Book Review: Jane Eyre
Jane Eyre is a young orphan being raised by Mrs. Reed, her cruel, wealthy aunt. A servant named Bessie provides Jane with some of the few kindnesses she receives, telling her stories and singing songs to her. One day, as a result of Jane fainting from her punishment for fighting with her bullying cousin John Reed, she wakes to find herself in the care of Bessie and the kindly apothecary Mr. Lloyd, who suggests to Mrs. Reed that Jane be sent away to school. To Jane’s delight, Mrs. Reed approves of the idea.
Once at the Lowood School, Jane finds that her life is far from perfect. The school’s headmaster is Mr. Brocklehurst, a cruel, hypocritical, and abusive man. While Brocklehurst preaches about the principles of poverty and privation to his students, he uses the school’s funds to provide a wealthy and luxurious lifestyle for his own family. Jane soon befriends a young girl named Helen Burns, whose strong, martyr like attitude toward the unpleasant events at school is both helpful and displeasing to Jane. However, as a result of a massive typhus epidemic, Helen dies of consumption and Mr. Brocklehurst leaves the school. After a group of more sympathetic gentlemen takes Brocklehurst’s place, Jane’s life improves dramatically. She spends eight more years at Lowood, six as a student and two as a teacher.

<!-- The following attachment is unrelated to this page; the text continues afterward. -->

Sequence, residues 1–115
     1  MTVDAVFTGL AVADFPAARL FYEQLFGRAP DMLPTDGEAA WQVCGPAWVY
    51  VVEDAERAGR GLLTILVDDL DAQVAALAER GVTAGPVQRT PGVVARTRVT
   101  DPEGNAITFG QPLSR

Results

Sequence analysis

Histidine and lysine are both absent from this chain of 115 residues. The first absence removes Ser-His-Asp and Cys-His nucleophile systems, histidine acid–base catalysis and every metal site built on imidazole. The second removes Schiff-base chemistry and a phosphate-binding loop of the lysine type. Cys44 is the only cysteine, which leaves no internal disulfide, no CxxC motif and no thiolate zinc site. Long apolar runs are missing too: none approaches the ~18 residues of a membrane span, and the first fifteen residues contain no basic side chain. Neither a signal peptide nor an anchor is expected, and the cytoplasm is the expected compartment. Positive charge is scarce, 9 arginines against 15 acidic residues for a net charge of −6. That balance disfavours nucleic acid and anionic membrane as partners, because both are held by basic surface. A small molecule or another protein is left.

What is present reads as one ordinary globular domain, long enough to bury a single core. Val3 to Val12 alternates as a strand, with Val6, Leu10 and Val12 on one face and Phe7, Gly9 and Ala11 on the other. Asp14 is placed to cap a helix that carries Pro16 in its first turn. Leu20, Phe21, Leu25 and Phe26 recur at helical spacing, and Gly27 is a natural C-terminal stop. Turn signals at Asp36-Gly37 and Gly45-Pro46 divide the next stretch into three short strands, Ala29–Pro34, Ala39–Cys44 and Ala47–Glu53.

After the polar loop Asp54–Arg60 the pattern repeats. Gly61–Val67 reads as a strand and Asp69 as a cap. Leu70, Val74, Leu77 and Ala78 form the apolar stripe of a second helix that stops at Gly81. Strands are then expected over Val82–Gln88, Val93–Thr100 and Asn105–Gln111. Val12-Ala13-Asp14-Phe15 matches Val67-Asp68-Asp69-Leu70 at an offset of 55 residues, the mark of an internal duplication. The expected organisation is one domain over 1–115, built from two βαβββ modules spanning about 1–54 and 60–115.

Yet, Jane’s passion for new experiences leads her to a governess position at a manor called Thornfield, where she teaches a lively French girl named Adele and meets the housekeeper Mrs. Fairfax, who governs the estate. Jane’s employer at Thornfield is a dark, passionate man named Rochester, with whom Jane finds herself falling secretly in love. When she saves Mr.Rochester from a fire one night, which he claims was started by a drunken servant named Grace Poole, because Grace Poole continues to work at Thornfield, Jane concludes that she has not been told the entire story. Jane sinks into despair when Mr.Rochester...
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